The stories about her mother are told in such sweet detail that I feel them in my own body. Her mother told Strayed that she was like her: a seeker. When Strayed was frustrated with her sick mother as she tried to put on her mother's sock her mother, too weak to do it herself, calls Strayed "honey."
'Honey,' she said eventually, gazing at me, her hand reaching to stroke the top of my head. It was a word she used often throughout my childhood, delivered in a highly specific tone. This is not the way I wanted it to be, that single honey said, but it was the way it was. It was this very acceptance of suffering that annoyed me most about my mom, her unending optimism and cheer (20).
My body has been in many of these places. This book relates to me viscerally. I lived in Portland. One of my parents died when I was in my twenties. I've slept with too many boys. I've self-medicated with drugs. I've even walked, albeit only eight miles, part of the PCT. I wonder about the reader who doesn't have the same access points as I do. Wild succeeds through so many details that almost everyone could have an access point, but it pulls the reader in through foreign detail too. Losing six toenails, and hearing about them one by one, is the kind of excruciating detail that people love to squirm at as they read for more. In between torturing the body, the trail provides solace to Strayed in its repetitiveness and redundancy for the pain of her mother's death. The recurring "just keep walking" is as incessant as the memory of her father abusing her mother. It's as constant as the mismanagement of her first marriage.
She doesn't let the narrative of the trail drone on and on too long as she walks on and on. The various mantras throughout the book—keep walking, the bridge of the gods, honey, the PCT—serve as regulatory principles that remind the reader that every detail is interrelated. Strayed interweaves. Take for example the image of the fox with its chestnut colored coat. It runs away from her and instead of calling out the animal's name, like she did with the moose (it was really a bull) and the bear, she calls out, "Mom. Mom. Mom." Later, when Strayed has been kicked out of a for-pay campground, she huddles in her tent, running her finger over her tattoo. The tattoo is an image of Lady, her mom's horse, whose coat was the same color as the fox's. The memory that follows is of the time, after her mother's death, when her step-father has stopped taking care of Lady and Strayed and her brother, Lief have to shoot the horse. She doesn't shy away from the details here; it is much worse than anyone could have expected.
'Shoot her again,' I gasped... Her eyes were wild upon us, shocked by what we'd done, her face a constellation of bloodless holes....
Finally, "Lady took one wobbling step and then fell onto her front knees, her body tilting hideously forward as if she were a great ship slowly sinking into the sea" (161). It goes on, with these details, until it finally connects back to the big why of the nonstop walking,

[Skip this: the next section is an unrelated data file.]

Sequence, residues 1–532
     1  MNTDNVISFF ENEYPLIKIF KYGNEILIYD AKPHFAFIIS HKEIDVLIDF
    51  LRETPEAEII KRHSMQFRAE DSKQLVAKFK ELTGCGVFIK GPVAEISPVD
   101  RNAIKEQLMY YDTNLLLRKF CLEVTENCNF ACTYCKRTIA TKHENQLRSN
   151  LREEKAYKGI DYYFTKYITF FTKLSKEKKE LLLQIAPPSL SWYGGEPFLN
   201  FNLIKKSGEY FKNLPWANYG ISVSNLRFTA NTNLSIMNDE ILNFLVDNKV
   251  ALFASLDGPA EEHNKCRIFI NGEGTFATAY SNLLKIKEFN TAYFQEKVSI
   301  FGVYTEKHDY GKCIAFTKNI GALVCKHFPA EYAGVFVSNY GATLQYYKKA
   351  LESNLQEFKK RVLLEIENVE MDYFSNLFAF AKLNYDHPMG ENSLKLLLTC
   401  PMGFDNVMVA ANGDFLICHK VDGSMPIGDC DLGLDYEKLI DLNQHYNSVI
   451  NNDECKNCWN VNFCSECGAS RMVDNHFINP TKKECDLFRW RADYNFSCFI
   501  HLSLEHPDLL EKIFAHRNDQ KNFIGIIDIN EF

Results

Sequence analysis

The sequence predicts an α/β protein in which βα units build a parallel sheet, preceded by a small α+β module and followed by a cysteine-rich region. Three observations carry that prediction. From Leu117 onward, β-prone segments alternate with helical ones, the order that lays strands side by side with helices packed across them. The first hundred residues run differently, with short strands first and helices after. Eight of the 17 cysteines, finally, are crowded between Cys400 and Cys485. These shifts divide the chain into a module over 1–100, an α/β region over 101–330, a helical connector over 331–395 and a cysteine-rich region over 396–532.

I knelt beside Lady's belly and ran my hands along her blood-speckled body one last time. She was still warm, just as my mother had been when I'd come into the room at the hospital and seen that she'd died without me (162).
This book is brutal on bodies. From detailing the skin pulling back on a blister, to the bruise on her ankle where the heroin went in, to her mother's blood pooling in her back, to her father beating her mother's head against the ground, nothing is left out, as long as it relates to the why of the walking or the walking itself. The brutality of the past matches the brutality of the hike.
This is how Strayed does it. She keeps walking into the night to find a new camping spot. As she sits, the question of why she's doing this starts to poke at her. The reader wonders again, too. Why? And then she tells the story of what propelled her here. Another bit of history that forced her on this clarifying march. Through these stories of interweaving bodies, I begin to understand how Strayed makes what is already a good story—that of hiking the PCT—into something artful. The image of Strayed putting the sock on the mother dovetails with the image from the preface of the book of Strayed looking at her own feet. Strayed loses her boot as it falls into the treetops below the trail. She is as helpless as her mother and yet not helpless at all. She stands up and starts walking. It's not often that narrative nonfiction uses the conventions of poetry to forward its narrative.
There are a few things that tripped me up in the book. Strayed repeats some words and phrases like "end of an era" that I probably wouldn't have noticed if I hadn't read the book in two and a half days but that I find grating once in awhile. And I want to know more about the places she's walking through. My primary question is about the title. For a book about the wilderness, by the time I've finished Wild, I don't have a great sense of the actual trail. The details, by sheer force of her narrative impulse, tend toward the human. I remember the towns. I remember the people. I remember the boots. I remember some of the animals but I don't remember the quality of the dirt, the twists of grass, the different sounds of blue. In that sense, the traditional narrative doesn't allow for that kind of wild. The prose isn't wild. But perhaps the title of Wild isn't meant to suggest the book is about wilding—the antinomian kind where lyric essays and certain kinds of poetry seek to undo convention. Perhaps the wild here is the wild of grief, the wild of loss. And strangely, Strayed takes to the mountains, following a straight, human-made line up a country full of people to finally tame that amorphous grief into a companionable body. [NW]